Image Courtesy of Roger Sedres/Image SA
(Published - 13 August 2019)
Growing up in a poverty-stricken, gang-infested community can easily drive young people to fall into the same vicious circle and watch their childhood dreams disappear into thin air — but not for Rogail Joseph.
The 19-year-old UWC student, who is studying economic development, has vowed to use her God-given sprinting talent to fulfil her dreams and change the lives of her struggling family and community of Roodewal in Worcester, for the better.
“The area I’m living in is rife with gang violence and, sometimes, it’s dangerous to go out of the house. But that motivates me to do good things for my community instead of discouraging me. I want to use the power of sport to change the situation we are in. I will not stop loving what I do and will do my best to push through the difficulties and make my parents and community proud.”
Joseph was one of 15 athletes selected to represent USSA in the World Student Games in Napoli, Italy, in July this year. Prior to that, she also took part in the European Season. It was not the first time Joseph has had to represent her country, either. She was a member of the South African team that participated in the Zone Five Games in Angola in 2016 and Botswana in 2018, and in the World Junior Games in Finland. In April, she won the 100-metre and the 400-metre races at the African Junior Championships in the Ivory Coast and is the current record holder in the 400-metre race.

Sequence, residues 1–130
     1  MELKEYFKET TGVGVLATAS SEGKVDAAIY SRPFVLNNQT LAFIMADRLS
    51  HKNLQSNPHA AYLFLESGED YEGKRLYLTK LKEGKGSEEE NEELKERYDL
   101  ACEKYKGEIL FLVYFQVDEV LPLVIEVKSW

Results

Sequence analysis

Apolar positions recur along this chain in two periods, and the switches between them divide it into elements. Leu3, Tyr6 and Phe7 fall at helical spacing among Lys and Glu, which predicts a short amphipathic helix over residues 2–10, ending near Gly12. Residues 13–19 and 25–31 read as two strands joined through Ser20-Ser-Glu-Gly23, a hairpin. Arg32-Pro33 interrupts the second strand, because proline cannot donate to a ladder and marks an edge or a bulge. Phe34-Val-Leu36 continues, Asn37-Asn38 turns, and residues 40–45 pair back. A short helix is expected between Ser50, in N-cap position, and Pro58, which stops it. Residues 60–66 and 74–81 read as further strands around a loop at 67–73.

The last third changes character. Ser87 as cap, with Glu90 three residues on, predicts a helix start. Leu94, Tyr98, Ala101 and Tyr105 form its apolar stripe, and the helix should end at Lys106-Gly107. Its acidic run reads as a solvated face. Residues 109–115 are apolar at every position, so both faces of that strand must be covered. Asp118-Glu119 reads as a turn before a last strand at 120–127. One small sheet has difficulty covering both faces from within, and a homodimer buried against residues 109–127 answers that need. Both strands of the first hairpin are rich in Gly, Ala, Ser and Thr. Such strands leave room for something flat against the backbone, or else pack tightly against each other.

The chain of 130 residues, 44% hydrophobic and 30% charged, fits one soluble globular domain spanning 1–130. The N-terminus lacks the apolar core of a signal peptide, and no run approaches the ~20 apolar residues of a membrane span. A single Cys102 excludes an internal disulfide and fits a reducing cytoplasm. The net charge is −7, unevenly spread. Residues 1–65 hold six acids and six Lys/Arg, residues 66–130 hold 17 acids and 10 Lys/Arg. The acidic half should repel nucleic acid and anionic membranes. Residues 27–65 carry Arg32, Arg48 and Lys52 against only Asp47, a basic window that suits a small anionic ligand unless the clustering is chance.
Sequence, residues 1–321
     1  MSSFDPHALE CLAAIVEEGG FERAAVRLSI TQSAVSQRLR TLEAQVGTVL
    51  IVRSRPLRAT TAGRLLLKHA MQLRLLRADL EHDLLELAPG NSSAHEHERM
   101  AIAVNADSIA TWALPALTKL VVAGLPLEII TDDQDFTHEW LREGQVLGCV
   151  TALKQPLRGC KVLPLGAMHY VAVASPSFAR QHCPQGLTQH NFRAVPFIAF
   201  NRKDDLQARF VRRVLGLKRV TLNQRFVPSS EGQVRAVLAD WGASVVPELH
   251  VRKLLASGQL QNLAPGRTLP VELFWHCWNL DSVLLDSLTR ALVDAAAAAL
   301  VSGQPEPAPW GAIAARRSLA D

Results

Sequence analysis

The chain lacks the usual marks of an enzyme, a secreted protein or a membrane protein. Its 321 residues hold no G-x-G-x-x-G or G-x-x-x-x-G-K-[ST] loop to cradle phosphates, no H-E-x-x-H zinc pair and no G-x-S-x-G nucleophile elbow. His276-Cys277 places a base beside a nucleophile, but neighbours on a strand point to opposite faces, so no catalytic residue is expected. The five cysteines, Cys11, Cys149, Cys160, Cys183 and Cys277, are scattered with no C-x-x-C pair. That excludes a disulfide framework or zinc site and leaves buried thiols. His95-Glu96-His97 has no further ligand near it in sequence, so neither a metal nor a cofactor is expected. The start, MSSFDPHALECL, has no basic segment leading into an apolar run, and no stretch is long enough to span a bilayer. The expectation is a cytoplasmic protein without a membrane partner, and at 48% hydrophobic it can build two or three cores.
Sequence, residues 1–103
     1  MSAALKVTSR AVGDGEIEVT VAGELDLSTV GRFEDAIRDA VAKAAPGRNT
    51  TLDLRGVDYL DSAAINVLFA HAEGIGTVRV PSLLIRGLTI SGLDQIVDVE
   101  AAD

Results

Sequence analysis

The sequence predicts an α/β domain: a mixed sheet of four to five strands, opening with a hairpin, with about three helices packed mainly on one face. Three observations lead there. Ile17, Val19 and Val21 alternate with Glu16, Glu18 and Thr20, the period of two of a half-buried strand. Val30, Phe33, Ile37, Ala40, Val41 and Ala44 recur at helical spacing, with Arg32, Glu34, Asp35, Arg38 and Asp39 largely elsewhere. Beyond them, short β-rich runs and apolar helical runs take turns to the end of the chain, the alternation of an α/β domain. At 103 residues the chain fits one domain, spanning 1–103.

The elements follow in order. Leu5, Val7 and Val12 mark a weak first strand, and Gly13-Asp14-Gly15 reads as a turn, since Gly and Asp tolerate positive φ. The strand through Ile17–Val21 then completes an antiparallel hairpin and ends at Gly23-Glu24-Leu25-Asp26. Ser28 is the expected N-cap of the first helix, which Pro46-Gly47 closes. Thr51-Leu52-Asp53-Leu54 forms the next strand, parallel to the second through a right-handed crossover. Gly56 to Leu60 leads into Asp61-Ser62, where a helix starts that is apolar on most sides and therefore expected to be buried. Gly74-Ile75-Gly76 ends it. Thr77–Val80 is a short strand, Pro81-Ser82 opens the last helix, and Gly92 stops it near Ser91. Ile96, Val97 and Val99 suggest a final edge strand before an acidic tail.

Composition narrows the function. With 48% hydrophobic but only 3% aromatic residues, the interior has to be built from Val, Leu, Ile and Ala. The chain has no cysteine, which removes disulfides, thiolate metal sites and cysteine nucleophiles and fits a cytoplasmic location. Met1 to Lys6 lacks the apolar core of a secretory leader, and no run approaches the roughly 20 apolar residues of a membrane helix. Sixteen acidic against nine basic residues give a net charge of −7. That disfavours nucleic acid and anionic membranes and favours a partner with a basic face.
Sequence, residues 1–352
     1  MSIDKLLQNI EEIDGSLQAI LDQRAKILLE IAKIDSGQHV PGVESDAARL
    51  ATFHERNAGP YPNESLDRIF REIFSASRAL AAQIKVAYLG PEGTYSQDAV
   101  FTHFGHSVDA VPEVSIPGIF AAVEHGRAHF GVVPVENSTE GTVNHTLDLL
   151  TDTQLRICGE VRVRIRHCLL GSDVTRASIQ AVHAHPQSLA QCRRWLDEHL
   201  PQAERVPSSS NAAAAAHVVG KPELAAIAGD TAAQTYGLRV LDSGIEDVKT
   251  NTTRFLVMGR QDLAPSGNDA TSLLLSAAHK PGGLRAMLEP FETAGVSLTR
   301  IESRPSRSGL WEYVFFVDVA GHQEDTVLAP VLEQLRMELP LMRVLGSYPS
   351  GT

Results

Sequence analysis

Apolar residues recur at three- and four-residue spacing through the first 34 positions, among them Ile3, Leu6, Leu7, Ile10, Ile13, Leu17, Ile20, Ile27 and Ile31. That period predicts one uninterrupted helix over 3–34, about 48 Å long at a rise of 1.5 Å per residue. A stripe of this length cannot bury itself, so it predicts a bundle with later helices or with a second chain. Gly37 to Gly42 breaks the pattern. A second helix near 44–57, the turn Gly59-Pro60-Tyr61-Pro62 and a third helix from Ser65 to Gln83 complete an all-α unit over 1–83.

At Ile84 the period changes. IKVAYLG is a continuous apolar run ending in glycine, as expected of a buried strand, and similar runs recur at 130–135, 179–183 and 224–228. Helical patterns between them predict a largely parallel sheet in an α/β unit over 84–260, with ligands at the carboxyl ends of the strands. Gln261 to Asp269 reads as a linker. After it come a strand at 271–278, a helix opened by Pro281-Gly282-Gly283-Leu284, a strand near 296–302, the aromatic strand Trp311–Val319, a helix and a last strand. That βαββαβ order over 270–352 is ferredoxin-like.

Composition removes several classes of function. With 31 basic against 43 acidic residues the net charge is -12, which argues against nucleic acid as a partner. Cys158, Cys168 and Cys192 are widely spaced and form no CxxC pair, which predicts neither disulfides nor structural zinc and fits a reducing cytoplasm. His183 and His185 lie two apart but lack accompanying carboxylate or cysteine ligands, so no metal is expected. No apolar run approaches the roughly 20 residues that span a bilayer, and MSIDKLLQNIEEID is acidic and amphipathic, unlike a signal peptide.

These achievements have made Joseph the darling and beacon of hope for her community. “I’m one of the few athletes in my area who is performing at this level. This shows that something good can come out of a poor and violent community.
“People here are supportive and are very excited about my achievements. Whenever I walk down the street, kids come up to me and say they have seen me on TV or have read about me in newspapers. They like me a lot and I am a role model to them.”
Joseph’s dream is to complete her studies and improve at big competitions such as the World Student Games. Her advice for youngsters in other communities like hers is simple: “Don’t let your circumstances be a stumbling block for your dreams. Look at the positive things in life and turn bad things into good things. Never give up what you love and always give your all”.
This article was first published in the Women's Month special edition of the Blue and Gold - UWC Sports' official magazine. Read the full magazine here.